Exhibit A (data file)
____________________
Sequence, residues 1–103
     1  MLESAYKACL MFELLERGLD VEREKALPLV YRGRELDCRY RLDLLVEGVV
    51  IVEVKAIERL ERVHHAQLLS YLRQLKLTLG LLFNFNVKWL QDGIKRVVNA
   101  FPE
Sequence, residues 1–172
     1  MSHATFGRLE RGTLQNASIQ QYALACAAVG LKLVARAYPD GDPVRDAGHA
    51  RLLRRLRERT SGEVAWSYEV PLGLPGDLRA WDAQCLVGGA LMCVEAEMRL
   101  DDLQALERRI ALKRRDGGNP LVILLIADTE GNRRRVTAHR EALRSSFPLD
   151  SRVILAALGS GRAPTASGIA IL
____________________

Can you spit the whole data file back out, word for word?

Sequence, residues 1–103
     1  MLESAYKACL MFELLERGLD VEREKALPLV YRGRELDCRY RLDLLVEGVV
    51  IVEVKAIERL ERVHHAQLLS YLRQLKLTLG LLFNFNVKWL QDGIKRVVNA
   101  FPE
Sequence, residues 1–172
     1  MSHATFGRLE RGTLQNASIQ QYALACAAVG LKLVARAYPD GDPVRDAGHA
    51  RLLRRLRERT SGEVAWSYEV PLGLPGDLRA WDAQCLVGGA LMCVEAEMRL
   101  DDLQALERRI ALKRRDGGNP LVILLIADTE GNRRRVTAHR EALRSSFPLD
   151  SRVILAALGS GRAPTASGIA IL